Mystery LSI-11 board
ethan.dicks at gmail.com
Wed Aug 24 13:38:40 CDT 2005
On 8/24/05, Paul Koning <pkoning at equallogic.com> wrote:
> One possibility is that it's a third party board with handles
> manufactured by DEC attached to them. DEC sold those handles
> separately, and you could just attach them to your own board...
That was quite common with 3rd party boards. We used real DEC
stiffener/latches for our Unibus and Qbus products, but we never
stamped a number on them anywhere. You had to see the pattern of
lights to locate our board in the backplane (easy because we had 3
clusters of 4-LED DialLite assemblies). Out of the backplane, though,
we clearly marked our boards with model number and our address/phone
> Yet another thing to look for: DEC boards have a DEC logo ("digital"
> in 7 blocks -- unless it's quite old) somewhere on the board, almost
> certainly near the edge.
That depends on your definition of "quite old". I don't recall ever
seeing a Digital logo on the boards that were hand-taped. Once DEC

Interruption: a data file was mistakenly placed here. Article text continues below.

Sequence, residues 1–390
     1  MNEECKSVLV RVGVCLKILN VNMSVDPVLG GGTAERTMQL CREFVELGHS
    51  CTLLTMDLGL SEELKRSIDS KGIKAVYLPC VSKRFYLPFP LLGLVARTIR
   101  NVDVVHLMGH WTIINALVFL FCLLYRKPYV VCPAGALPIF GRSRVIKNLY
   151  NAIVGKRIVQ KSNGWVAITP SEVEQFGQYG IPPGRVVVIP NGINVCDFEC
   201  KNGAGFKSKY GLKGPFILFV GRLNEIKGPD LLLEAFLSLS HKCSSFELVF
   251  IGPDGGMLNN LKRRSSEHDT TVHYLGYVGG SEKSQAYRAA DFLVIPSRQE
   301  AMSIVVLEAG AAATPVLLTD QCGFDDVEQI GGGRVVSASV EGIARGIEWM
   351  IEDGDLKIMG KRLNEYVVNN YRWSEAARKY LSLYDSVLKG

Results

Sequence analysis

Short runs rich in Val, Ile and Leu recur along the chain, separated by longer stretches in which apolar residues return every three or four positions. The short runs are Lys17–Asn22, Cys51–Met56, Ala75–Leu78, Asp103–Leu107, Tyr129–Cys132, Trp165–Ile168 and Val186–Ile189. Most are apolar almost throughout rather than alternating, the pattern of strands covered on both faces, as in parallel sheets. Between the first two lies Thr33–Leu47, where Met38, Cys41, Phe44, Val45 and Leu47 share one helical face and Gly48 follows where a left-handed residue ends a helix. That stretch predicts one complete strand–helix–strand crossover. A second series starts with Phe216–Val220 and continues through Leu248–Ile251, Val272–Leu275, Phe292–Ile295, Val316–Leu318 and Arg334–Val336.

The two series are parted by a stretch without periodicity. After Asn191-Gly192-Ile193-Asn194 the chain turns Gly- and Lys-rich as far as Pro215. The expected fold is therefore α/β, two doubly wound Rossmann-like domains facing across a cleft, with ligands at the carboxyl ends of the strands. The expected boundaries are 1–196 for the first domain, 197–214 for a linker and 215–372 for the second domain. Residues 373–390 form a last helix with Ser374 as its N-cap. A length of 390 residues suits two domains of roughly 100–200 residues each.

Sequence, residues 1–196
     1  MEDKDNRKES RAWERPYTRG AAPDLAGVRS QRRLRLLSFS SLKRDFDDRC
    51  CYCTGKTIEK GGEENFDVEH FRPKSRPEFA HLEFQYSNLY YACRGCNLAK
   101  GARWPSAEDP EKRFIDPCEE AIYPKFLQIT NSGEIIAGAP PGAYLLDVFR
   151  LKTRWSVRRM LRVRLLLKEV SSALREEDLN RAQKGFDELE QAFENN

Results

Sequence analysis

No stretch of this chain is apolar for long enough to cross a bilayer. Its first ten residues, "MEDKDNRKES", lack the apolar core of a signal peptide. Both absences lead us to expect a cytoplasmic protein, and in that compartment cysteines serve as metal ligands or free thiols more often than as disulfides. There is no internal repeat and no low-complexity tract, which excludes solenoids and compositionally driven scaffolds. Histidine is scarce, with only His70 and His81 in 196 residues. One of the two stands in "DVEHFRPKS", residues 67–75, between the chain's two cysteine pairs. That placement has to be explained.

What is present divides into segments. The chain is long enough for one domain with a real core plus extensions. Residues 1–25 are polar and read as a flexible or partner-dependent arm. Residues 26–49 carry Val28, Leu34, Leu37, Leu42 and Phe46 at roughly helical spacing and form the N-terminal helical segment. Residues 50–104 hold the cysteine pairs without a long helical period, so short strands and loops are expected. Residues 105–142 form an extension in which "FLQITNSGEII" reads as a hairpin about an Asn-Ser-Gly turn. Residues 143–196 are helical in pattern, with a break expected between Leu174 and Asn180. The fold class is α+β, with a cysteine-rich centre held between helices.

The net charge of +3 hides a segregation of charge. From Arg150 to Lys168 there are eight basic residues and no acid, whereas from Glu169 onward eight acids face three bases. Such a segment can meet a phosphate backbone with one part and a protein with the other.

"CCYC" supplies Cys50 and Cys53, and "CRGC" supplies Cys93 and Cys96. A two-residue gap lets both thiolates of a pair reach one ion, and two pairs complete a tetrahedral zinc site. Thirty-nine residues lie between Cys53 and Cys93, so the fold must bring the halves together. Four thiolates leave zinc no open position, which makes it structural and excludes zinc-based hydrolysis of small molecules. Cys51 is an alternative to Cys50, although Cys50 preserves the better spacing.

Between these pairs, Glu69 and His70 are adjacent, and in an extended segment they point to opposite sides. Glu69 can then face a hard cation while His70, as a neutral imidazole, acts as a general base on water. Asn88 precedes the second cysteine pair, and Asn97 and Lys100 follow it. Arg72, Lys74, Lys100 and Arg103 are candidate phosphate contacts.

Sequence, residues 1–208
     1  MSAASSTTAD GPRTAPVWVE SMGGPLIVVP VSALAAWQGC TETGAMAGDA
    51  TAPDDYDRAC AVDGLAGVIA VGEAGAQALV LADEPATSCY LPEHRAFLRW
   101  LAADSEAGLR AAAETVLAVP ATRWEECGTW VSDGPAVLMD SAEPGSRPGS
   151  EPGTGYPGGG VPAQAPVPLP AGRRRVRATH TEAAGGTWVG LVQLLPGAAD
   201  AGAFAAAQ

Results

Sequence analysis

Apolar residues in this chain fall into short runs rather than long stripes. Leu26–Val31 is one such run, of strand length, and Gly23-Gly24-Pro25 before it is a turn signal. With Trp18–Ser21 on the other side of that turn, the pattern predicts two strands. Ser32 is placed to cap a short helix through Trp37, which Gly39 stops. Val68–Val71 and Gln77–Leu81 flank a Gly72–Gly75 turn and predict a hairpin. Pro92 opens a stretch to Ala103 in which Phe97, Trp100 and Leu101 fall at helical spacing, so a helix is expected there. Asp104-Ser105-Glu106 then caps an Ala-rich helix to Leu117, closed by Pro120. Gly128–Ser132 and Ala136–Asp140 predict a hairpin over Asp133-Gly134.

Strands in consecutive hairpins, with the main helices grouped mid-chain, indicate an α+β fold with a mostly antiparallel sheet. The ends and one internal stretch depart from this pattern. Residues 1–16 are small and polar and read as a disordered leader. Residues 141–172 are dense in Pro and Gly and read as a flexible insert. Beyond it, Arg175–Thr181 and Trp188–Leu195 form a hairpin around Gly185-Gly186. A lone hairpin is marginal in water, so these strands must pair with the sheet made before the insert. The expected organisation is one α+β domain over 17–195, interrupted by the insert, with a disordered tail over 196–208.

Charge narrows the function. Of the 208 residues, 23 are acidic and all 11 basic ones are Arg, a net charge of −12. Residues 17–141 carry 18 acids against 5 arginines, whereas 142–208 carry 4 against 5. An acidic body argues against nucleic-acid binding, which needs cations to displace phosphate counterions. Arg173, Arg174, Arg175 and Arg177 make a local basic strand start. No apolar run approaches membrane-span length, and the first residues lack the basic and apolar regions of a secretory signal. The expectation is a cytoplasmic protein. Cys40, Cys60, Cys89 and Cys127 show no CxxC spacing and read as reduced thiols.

moved to machine-routed boards with solder mask, _that_ era all had a
logo in copper. So... some time in the late 1970s to early 1980s
would be where I remember seeing logos (Rainbows, Professional 3xx...
that era). Older Qbus stuff may or may not have a logo (but I _think_
all the Qbus stuff was designed with CAD).
P.S. - it _does_ look like Qbus to me - I think I see grant jumpers on
the right side fingers on the view of the solder side.
P.P.S. - just because there are lots of ECOs doesn't mean that the
board wasn't a production board... we shipped our first "COMBOARD-II"s
to customers with 14 component adds (mostly resistors), about 30 cuts
and about 50 jumps. OTOH, that doesn't look like DEC ECO practice
(nor does it have a DEC feel to me). I wouldn't start by looking for
any DEC identifiers - that's pretty clearly a 3rd party board.
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